The 112th Congress is in its infancy, and already we're off to the races fundraising for 2012. Congressman Michael Fitzpatrick of Pennsylvania apparently missed a swearing in ceremony in order to hold a purported fundraiser on Capitol grounds, a violation of House ethics rules. Fitzpatrick was accompanied by Representative Pete Sessions of Texas, chairman of the National Republican Congressional Committee. (Because Fitzpatrick and Sessions missed the swearing in ceremony their early votes were voided. Such is life, it is not like it is their job to vote and represent their constituents. Oh, wait.)
It seems there will be no shortage of work for the House's Office of Congressional Ethics. But the incident speaks to a broader issue. Before our elected officials are even sworn in to do the job we elected them to do -- namely to represent us -- they are raising money for the next race.
Why Is It So Hard to Limit the Amount of Money in Politics?
In 1976 the United States Supreme Court changed the face of modern politics and political campaigns by ruling that money spent in political campaigns is the equivalent of speech. If pressed to categorize the ruling in two words, I would likely choose "unmitigated disaster." The Supreme Court has since eviscerated many of laws enacted to stem the tide of money (er, speech).
The Court's decision means that every time a person gives or spends money in politics, they are speaking, and whenever we enact laws the restrict the flow of money in politics, we are restricting speech. Because the Court is rightfully ruthlessly protective of First Amendment rights, the Court is reticent to allow most laws that restrict the amount of money we can give and receive in political campaigns, and as a result money flows very freely throughout our political system.
The Court's ruling rests on a foundation about as strong as quick sand.
Money plays a role in political campaigns that is difficult to underestimate. Money allows speech by candidates and independent groups to reach a wider audience. Simply put, money helps to enable speech. Money amplifies speech. It is not, however, speech itself. If money is not pure speech, but rather the antecedent to speech, it is entitled to a lower level of First Amendment protection and can be limited.
Money without a speaker conveys nothing. A speaker without money can still communicate. It may be that few people will hear the person with few funds. That is why candidates and independent organizations must be allowed to spend enough money to get their messages out, just not so much that I need earplugs to hear those messages. Put another way, use an inside voice. No need to scream it.
What Would Happen in World with Campaign Finance Limitations?
Something could transpire when contributors, candidates and independent organizations don't spend close to unlimited sums. We might hear from more people, namely those who can't or don't want to spend money. Hence, reducing the amount of money spent can actually increase actual speech.
Go to a music concert and take the amplifiers away. Many will still be able to hear the performance and those screaming in the audience. Add the amplifiers and virtually all I will hear is a louder version of the same performance, but the audience will be drowned out.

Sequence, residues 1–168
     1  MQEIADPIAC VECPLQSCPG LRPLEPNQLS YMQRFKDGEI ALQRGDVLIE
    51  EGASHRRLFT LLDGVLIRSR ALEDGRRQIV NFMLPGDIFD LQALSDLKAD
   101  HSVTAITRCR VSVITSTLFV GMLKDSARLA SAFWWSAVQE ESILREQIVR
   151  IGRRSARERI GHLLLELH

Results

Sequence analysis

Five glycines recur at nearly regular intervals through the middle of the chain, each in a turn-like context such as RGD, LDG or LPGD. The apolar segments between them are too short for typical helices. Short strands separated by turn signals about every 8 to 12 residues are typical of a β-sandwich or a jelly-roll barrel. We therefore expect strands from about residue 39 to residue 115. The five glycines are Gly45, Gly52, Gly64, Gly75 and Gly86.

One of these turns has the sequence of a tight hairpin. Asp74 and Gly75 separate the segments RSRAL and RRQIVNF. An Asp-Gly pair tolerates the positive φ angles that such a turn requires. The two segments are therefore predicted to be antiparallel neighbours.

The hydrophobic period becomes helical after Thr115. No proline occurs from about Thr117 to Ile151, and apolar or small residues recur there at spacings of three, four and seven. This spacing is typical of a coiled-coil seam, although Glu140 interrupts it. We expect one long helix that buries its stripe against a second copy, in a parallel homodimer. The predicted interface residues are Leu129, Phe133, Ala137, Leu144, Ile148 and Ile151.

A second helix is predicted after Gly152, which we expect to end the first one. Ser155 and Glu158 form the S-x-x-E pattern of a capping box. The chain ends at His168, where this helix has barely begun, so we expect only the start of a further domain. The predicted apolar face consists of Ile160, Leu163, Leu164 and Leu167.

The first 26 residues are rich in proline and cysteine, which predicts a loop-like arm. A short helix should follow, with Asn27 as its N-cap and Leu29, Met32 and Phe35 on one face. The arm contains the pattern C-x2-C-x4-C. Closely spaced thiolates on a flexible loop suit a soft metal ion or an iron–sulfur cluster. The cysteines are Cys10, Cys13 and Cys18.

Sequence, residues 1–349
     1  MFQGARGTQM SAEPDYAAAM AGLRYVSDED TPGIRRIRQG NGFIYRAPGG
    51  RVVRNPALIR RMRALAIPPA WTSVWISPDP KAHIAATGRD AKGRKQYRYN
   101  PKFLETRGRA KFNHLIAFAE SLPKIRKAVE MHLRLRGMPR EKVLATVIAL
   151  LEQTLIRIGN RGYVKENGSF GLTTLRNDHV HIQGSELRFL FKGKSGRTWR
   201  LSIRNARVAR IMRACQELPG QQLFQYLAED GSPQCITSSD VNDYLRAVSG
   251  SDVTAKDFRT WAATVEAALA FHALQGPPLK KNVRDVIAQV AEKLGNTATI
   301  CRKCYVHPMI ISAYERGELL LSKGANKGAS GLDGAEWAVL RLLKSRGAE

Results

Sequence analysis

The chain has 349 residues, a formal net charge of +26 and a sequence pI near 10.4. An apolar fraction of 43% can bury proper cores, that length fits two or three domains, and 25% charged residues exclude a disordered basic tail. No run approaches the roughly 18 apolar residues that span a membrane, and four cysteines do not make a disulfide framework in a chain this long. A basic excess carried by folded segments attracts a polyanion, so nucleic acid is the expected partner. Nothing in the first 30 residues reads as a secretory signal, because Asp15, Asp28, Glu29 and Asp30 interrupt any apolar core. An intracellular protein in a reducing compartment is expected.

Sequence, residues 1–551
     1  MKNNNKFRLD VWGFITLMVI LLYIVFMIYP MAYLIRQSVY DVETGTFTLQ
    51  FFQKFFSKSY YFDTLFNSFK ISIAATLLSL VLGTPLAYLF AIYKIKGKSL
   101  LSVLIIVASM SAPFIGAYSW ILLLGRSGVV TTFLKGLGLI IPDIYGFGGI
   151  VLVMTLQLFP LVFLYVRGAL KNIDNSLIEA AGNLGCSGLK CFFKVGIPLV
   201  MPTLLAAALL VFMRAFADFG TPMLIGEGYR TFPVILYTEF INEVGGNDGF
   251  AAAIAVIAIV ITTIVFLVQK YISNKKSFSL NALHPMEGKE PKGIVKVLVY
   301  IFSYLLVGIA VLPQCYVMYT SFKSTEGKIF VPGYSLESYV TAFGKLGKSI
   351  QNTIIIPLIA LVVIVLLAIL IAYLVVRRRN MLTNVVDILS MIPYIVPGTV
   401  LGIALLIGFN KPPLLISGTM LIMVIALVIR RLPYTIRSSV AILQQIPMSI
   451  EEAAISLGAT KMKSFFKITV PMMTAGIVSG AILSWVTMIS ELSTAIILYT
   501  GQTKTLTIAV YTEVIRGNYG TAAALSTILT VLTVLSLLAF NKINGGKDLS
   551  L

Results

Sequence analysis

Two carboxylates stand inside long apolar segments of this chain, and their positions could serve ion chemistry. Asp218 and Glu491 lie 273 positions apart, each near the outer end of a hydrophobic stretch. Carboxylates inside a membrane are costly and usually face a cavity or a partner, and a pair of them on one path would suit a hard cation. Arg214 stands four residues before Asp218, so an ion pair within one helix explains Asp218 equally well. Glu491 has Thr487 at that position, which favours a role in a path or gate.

Why, Specifically, Are Campaign Finance Limitations Important?
Despite obstacles erected by the Supreme Court, legislatures on all levels of government have enacted laws to try to stem the tide of money pumping through our political system. Why? For starters, money spent in campaigns can lead to corruption or its appearance. Even if a politician doesn't actually give a favor in return for a large contribution, chances are we suspect that she or might have. This suspicion that politicians are too responsive to the wishes of big spenders and not to their constituents is one of the main purposes of campaign finance reforms. In a representative democracy it is vital that constituents feel their elected officials are representing them, not their contributors.
In addition, when money is all but unlimited in politics (or, when we have a system that provides for contribution limits but no limits on expenditures) the need and desire to fundraise in indefatigable. In such a system it is no surprise that elected officials like Fitzpatrick and Sessions begin fundraising even before (or actually when) they are sworn in. Part of the purpose of campaign finance restrictions, therefore, is to allow our representatives to do what we sent them to D.C., the state capital or city hall to do, make laws that best represent us.
Is Campaign Finance a Cure All?
Absolutely not. To paraphrase a famous quote, it may be that money, like water, will always find a way. I'm merely advocating that we plug a few cracks, and install a better drainage system.
Money doesn't always speak loudest, and quite likely is not the only or greatest influencer in people's behavior. Sometimes we make decisions because we believe them to be right and fair, regardless of the role money has played. Sometimes we seek the counsel of others. People, regardless of money, can wield enormous influence. Even as an adult, a lawyer, a sometimes law professor and political commentator, chances are that when faced with my high school principal, I'm going to listen. The only question is whether I respond like a tween or not.
The fact that is plays a role at all in the decisions of our elected officials is enough for me to argue in favor of reasonable restrictions of money. Perhaps such restrictions will foster an atmosphere where swearing in ceremonies are prized above fundraisers.